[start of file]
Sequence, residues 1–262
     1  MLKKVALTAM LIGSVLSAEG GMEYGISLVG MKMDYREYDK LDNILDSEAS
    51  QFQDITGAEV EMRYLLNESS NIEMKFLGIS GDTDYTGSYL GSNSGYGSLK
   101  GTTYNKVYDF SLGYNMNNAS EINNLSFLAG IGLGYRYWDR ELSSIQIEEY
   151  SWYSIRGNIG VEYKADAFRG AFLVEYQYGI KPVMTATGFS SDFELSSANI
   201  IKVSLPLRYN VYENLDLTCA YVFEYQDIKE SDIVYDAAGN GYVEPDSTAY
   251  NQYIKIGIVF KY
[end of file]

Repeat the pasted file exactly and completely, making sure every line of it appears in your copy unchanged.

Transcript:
Sequence, residues 1–262
     1  MLKKVALTAM LIGSVLSAEG GMEYGISLVG MKMDYREYDK LDNILDSEAS
    51  QFQDITGAEV EMRYLLNESS NIEMKFLGIS GDTDYTGSYL GSNSGYGSLK
   101  GTTYNKVYDF SLGYNMNNAS EINNLSFLAG IGLGYRYWDR ELSSIQIEEY
   151  SWYSIRGNIG VEYKADAFRG AFLVEYQYGI KPVMTATGFS SDFELSSANI
   201  IKVSLPLRYN VYENLDLTCA YVFEYQDIKE SDIVYDAAGN GYVEPDSTAY
   251  NQYIKIGIVF KY